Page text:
If you’ve done any shopping online recently, you’ve probably encountered the option to “buy now, pay later” at checkout. Klarna, Afterpay, and Affirm are just a few of the buy now pay later apps offering to split online purchases into multiple payments – usually four – and automatically deduct them from your bank account. They boast no interest and no hard inquiry to the shopper’s credit report.
This specific form of credit and lending has been around in the United States for about five years, the U.S. Consumer Financial Protection Bureau said. But, the attention and prevalence of companies offering it only increased in the last few years.
Klarna announced its 20 millionth U.S. customer in August 2021, marking a 17.6% increase in four months. In an Aug. 19 release, Afterpay said buy now pay later spending has increased 230% among Americans since January 2020, “compared to a 43% increase for debit and an 8% increase in credit card spending.”
Buy now pay later apps are particularly popular with millennials and Gen Z, according to Jim Rice, Assistant Director for the CFPB’s Office of Servicemember Affairs. He said consumer shifts to online shopping during the Covid-19 pandemic have further heightened interest.
How to Use Buy Now Pay Later Responsibly
- Make a budget you can stick to.
Although buy now pay later amounts seem small, multiple purchases can add up to surprising deductions when payments come due.
- Be aware of the rules and fees associated with buy now pay later apps:
Buy now pay later apps tout no interest or financing fees, but that may change if a payment is late or missed. Be aware of when they can make a report to your credit and when they will assess fees. Conversely, making payments on time will not help to build your credit.
- As with all debt, make your payments on time.
BNPL can be harmless – and even beneficial – for shoppers who do not overspend and make their payments on time. Using the apps responsibly can help you avoid interest rates a credit card or other loan might carry without impacting your credit score.
- Be aware of your protections as a service member.
Depending on the way the buy now pay later loan is structured, it may be subject to the guidelines of the Military Lending Act, which generally says interest cannot be more than 36% on a loan, to include other fees associated with the loan, or the Servicemembers Civil Relief Act, which provides extra financial and legal protections to service members.
For help with credit and debt, service members can visit their installation’s Personal Financial Manager or find a Personal Financial Counselor through the Department of Defense’s Office of Financial Readiness.
Buy Now Pay Later Risks and Drawbacks
Mark Steffe, President and CEO of First Command, a military finance company, called buy now pay later services “temptations” for many clients.
“These temptations can become big impediments to developing positive and disciplined financial behaviors,” he said.
According to a recent survey by Qualitrics and Credit Karma, 38% of American buy now pay later customers have missed at least one scheduled payment. Nearly 75% of customers who missed a payment noticed a drop in credit score.
In addition to lower credit scores, many of these services assess late fees. Amounts vary by company and state regulations, but they range from flat fees to percentages of each installment. In general, the maximum total interest would be 25% of the total purchase.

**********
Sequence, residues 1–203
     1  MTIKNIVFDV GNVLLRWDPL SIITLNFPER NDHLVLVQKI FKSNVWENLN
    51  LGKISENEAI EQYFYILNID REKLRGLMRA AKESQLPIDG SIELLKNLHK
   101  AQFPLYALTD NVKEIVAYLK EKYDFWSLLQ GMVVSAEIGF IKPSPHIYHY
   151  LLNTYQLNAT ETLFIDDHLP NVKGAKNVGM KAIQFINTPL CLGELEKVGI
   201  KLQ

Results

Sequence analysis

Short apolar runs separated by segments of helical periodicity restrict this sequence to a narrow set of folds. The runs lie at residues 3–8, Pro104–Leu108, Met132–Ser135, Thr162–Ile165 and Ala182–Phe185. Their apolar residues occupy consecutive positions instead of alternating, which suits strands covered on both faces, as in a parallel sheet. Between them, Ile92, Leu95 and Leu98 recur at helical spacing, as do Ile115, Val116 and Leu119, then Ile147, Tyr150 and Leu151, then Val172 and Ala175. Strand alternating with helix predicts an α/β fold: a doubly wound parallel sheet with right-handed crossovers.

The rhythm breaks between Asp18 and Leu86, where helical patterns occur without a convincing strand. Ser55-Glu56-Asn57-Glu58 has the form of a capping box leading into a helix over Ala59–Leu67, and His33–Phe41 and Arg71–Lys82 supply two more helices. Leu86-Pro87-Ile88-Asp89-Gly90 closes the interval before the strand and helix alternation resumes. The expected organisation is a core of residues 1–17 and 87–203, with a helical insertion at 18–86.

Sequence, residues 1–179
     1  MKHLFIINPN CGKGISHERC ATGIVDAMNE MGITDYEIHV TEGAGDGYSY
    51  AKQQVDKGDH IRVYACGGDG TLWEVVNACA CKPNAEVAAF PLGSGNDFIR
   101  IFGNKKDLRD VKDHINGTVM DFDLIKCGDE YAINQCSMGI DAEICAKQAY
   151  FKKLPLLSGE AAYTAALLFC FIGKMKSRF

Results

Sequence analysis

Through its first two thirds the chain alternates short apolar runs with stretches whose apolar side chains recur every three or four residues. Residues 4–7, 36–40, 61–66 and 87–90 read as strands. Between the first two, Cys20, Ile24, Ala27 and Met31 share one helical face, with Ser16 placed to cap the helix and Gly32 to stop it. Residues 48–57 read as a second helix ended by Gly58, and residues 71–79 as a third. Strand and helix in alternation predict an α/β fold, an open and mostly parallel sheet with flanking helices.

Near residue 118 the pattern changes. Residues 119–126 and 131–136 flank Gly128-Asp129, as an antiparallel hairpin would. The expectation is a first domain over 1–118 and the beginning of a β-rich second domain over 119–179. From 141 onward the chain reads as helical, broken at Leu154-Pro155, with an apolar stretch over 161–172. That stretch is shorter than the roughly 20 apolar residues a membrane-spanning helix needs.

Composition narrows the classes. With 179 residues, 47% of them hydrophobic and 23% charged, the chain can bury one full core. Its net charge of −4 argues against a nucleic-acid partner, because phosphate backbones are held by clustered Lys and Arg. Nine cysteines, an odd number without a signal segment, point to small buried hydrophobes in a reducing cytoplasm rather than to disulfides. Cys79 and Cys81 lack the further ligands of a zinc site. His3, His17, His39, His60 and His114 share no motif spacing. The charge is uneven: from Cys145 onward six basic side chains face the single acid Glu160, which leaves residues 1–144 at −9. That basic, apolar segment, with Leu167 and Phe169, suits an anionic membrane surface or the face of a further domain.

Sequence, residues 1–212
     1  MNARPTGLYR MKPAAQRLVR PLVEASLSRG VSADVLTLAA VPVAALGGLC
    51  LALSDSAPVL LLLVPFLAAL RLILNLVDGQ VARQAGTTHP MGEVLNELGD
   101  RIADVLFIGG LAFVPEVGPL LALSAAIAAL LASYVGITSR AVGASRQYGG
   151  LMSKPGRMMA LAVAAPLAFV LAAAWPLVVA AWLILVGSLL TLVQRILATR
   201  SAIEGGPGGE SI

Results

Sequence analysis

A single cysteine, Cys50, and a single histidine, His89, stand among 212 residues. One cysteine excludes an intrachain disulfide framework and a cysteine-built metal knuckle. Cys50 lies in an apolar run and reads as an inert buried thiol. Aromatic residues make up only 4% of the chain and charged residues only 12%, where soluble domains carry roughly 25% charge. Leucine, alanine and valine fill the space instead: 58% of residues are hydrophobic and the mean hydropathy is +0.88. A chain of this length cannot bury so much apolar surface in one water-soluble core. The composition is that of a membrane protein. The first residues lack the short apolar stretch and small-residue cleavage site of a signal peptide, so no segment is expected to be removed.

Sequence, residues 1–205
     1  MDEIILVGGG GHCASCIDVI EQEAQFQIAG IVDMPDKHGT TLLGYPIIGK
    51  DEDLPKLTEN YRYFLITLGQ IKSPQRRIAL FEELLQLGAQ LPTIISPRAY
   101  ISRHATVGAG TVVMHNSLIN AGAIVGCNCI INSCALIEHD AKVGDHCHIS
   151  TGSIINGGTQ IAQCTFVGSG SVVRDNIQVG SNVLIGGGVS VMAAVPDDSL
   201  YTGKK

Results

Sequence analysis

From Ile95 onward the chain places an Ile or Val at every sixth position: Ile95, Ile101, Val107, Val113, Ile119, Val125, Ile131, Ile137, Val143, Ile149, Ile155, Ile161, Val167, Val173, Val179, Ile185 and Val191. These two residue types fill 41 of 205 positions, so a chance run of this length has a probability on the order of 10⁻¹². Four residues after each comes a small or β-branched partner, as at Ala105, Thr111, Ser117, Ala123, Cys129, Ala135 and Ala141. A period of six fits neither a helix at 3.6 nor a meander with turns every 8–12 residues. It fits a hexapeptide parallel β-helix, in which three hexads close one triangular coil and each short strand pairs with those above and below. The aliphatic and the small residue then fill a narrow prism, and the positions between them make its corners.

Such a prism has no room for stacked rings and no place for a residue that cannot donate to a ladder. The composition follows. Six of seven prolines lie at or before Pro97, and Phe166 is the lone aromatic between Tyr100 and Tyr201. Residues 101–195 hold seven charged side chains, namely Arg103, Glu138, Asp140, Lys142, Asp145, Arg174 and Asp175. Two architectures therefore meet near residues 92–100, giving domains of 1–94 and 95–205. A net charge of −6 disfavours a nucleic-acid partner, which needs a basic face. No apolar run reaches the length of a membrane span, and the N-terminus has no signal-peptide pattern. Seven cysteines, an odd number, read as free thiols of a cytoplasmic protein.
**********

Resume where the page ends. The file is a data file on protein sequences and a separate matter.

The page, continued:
As with any financial product or service, experts recommend maintaining figuring split payments into your budget to avoid surprise charges.
Can Buy Now Pay Later Apps Build Your Credit Score?
The CFPB can’t account for buy now pay later service usage because many BNPL companies don’t conduct hard credit inquiries.
The services usually don’t show up on credit reports. So, using buy now pay later responsibly won’t build your credit score, but missing a payment could hurt it, Rice said.
Buy Now Pay Later and the Military
Service members use debt differently than the civilian population, according to a July 2020 CFPB report. It also said that military members’ debt use is also dependent on the length and timing of their service.
“Compared to civilians, service members [between ages 18 and 24] are more likely to have an auto loan or a credit card, slightly more likely to have a mortgage, and less likely to have a student loan or a third-party collections account,” the report said.
Military members make more online purchases when they’re deployed, or on active duty in remote locations, according to Laura Udis, payday and small-dollar lending program manager at CFPB.
In July 2021, the CFPB and the Department of Defense Office of Financial Readiness published a blog post on buy now pay later services in July 2021, after the CFPB found that 18- to 24-year-old service members had higher use of credit and revolving debt than that same age group in the civilian population.
The blog pointed military members to financial protection resources like JAG legal assistance and the local state attorney general’s office.
DOD can’t specify if BNPL services have had a direct impact on service members because the financial readiness office does not monitor how service members use individual credit products, Kim Myers, a financial readiness program analyst for DOD’s deputy assistant secretary of defense for force education and training said in an email.
“Buy now pay later credit products and other emerging FINTECH issues are, and remain, on the Department’s ‘radar’ to ensure the Department’s financial literacy efforts remain current and relevant to address such emerging areas with factual and unbiased education that may impact members and families’ overall financial well-being,” Myers said.